Gabriel Wyner is a polyglot, former opera singer, the author of the book Fluent Forever: How to Learn Any Language Fast and Never Forget It, and the creator of the new Fluent Forever app, the most funded app in crowdfunding history. I highly recommend his book and app, especially to anyone who struggles with foreign language pronunciation or making new words stick. In the interview, we discuss: 1) How opera led Gabe to learn French, Italian, and German. 2) How a summer German immersion program proved he was not “crappy at languages” as he had previously believed. 3) Why opera is the perfect career for those who want to get paid to become multilingual. 4) The visceral difference between simply “pronouncing” a language and actually “thinking” and “feeling” in it. 5) Why you shouldn’t learn a language through translation (“It murders you before you start.”) 6) How images are a faster, more effective way to build new linguistics connections. 7) Why you should start with pronunciation training first. 8) How minimal pair training helps you learn pronunciation quickly and better notice your progress over time. 9) Why you can’t make old memories go away (the groove remains!), but how you can make new memories more powerful (making the groove deeper). 10) Why images (and the meanings they represent) create stronger memories than spelling and sound. 11) Why personal connection (“self-reference”) is the ultimate memory “supercharger.” 12) How self-testing with flashcards can make your study time five times more effective than simply presented yourself with information. 13) The critical difference between “recalling” and “reviewing.” 14)The power of “uh….?” moments and how spaced repetition can help optimize them. 15) Why modern digital flashcards are not really “flashcards” at all, but rather “computerized tests.” 16) Why language learning doesn’t take nearly as much time if you can actually hold onto what you learn. 17) Gabe’s “minimum viable” daily and weekly language learning habits. 18) How to get immersion “chunks” wherever you are. 19) Why frequency dictionaries are linguistic gold.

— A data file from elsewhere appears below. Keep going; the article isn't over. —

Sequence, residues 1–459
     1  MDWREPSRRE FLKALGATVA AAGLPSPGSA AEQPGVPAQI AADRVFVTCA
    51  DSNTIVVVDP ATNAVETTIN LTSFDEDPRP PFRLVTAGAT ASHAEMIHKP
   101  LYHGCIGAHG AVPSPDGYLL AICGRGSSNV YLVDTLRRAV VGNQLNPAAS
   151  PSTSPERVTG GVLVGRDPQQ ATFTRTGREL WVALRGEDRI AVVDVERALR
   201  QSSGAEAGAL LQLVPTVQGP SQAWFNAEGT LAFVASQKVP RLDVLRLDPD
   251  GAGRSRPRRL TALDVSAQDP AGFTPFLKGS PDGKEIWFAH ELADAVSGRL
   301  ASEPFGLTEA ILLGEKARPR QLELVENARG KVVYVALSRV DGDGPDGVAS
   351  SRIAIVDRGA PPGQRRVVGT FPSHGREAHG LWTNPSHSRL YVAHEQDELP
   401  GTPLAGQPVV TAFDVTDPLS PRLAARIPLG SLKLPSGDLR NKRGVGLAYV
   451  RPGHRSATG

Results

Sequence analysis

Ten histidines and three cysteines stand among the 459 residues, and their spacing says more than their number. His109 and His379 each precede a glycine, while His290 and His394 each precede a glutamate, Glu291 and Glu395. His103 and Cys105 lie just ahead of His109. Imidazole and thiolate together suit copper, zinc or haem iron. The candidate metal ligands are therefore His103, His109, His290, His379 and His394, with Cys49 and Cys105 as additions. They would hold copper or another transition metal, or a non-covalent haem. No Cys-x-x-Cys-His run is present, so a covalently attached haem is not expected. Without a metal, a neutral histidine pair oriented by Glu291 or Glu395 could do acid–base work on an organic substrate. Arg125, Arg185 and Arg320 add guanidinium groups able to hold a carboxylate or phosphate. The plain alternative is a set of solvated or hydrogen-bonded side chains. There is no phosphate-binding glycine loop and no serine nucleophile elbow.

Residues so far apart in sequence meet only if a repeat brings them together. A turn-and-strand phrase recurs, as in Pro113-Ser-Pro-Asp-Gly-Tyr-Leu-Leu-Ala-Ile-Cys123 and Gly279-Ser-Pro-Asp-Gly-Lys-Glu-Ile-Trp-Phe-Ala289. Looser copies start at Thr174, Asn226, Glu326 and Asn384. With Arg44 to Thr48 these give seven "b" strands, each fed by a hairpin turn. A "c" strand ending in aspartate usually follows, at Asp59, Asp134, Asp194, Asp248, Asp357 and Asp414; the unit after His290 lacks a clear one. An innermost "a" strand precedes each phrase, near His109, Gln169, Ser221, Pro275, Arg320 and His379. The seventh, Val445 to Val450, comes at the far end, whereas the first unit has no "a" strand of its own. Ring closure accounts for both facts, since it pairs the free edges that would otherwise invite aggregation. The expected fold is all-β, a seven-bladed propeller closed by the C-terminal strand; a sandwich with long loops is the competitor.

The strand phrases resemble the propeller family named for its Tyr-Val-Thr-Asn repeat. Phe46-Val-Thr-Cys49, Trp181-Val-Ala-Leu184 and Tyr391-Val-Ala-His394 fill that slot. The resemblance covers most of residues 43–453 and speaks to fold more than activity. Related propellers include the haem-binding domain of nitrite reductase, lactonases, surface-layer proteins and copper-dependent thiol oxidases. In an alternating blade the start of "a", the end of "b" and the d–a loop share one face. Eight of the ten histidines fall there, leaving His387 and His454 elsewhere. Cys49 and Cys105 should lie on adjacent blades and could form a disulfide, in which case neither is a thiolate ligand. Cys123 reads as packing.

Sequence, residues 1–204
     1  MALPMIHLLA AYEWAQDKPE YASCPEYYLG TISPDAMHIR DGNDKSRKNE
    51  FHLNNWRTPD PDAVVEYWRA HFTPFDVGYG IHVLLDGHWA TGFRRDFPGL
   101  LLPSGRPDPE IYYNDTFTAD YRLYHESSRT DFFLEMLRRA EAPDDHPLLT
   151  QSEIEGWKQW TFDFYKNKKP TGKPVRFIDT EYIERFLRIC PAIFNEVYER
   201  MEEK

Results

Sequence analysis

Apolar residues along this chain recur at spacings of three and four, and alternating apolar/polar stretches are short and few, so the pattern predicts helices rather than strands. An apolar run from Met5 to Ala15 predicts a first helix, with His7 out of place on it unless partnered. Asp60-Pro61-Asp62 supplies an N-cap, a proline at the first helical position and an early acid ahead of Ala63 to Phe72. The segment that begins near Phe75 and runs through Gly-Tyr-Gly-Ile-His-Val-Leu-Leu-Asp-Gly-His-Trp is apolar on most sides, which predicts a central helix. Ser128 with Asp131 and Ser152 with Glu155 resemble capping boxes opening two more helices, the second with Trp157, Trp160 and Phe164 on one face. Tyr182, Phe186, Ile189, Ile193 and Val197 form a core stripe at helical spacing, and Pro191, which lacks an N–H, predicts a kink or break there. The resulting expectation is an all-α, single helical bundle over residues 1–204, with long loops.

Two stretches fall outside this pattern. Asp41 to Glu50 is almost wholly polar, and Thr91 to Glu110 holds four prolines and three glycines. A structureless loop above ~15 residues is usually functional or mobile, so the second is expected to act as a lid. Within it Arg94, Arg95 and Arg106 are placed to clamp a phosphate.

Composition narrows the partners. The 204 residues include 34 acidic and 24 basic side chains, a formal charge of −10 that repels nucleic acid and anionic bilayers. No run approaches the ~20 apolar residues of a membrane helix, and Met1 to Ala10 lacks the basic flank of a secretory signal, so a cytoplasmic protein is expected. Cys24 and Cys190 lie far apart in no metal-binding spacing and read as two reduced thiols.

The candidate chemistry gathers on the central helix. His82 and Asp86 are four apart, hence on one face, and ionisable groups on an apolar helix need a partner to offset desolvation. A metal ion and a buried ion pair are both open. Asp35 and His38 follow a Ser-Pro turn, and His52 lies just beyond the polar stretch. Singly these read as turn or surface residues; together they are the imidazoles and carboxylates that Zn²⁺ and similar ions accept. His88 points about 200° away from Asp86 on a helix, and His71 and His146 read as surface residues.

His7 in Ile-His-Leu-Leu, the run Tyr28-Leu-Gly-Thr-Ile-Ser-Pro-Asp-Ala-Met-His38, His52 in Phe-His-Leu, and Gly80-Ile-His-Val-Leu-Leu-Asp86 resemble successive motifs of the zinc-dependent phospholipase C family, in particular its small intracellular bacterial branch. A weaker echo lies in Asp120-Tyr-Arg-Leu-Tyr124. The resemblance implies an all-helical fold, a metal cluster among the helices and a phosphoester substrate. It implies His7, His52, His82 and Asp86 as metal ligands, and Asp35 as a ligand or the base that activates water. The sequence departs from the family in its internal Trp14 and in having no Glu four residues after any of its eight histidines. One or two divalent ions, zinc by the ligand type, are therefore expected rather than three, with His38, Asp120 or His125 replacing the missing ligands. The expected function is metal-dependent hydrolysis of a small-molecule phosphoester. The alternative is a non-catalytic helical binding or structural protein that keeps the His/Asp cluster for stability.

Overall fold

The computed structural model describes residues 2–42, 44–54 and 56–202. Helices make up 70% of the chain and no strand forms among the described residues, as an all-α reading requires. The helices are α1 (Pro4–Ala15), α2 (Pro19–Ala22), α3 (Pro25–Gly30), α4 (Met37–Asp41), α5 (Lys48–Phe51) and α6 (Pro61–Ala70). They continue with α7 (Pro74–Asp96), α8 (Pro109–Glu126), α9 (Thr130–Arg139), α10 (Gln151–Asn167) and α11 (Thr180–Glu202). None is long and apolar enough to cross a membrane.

The author Gretchen Rubin has long been fascinated by human nature, and wanted to know why some people easily adopt new habits while others struggle to change. After years of investigation, she realized these differences could be explained (and better managed) by identifying how a person responds to expectations. It turns out that certain people respond very differently to inner expectations like New Year’s resolutions or personal goals and outer expectations like work deadlines or requests from family or friends. The personality framework she developed—detailed in her book The Four Tendencies: The Indispensable Personality Profiles That Reveal How to Make Your Life Better—divides people into one of four basic personality groups depending on how they respond to inner and outer expectations: Upholders, Questioners, Obligers, and Rebels. Read on to discover which Tendency best describes your personality and how to apply the framework in language learning.
The journey to full fluency in a foreign language can be roughly divided into what psychologists call the four stages of competence: Unconscious Incompetence, Conscious Incompetence, Conscious Competence, and Unconscious Competence. You can think of progress through the stages like climbing up a mountain peak all the way from sea level. Read on to learn more about the stages and how to keep going when the going gets tough.
You can often spot a new language learner by the scale of their language learning goals and daily habits. When we first start out in a new language, the excitement makes it easy to commit to big, hairy, audacious language learning goals and herculean daily routines. Perhaps we commit to listening to three hours of foreign language audio a day, reading one foreign language novel a week, or speaking with a language tutor for an hour every single day. We might keep this up for a few days, or even a few weeks, but eventually, our motivation will run out and we’ll fall off the pace. Perhaps we have a bad day at work, and cancel our tutor session. Or we have a fight with our spouse and don’t feel like studying any flashcards. Or maybe we get sick and opt to binge watch Narcos instead of listening to language podcasts. One missed day turns into two, and then three, and then weeks or months of zero language study. Most people (especially perfectionists like me) will then think, “Well, since I can’t do it all, I guess I will do nothing.” Fortunately, we can avoid this all-or-nothing-perfectionist trap by committing instead to a “minimum effective dose” of daily language study: a tiny, tiny amount of time and effort that we will hit each and every day no matter what.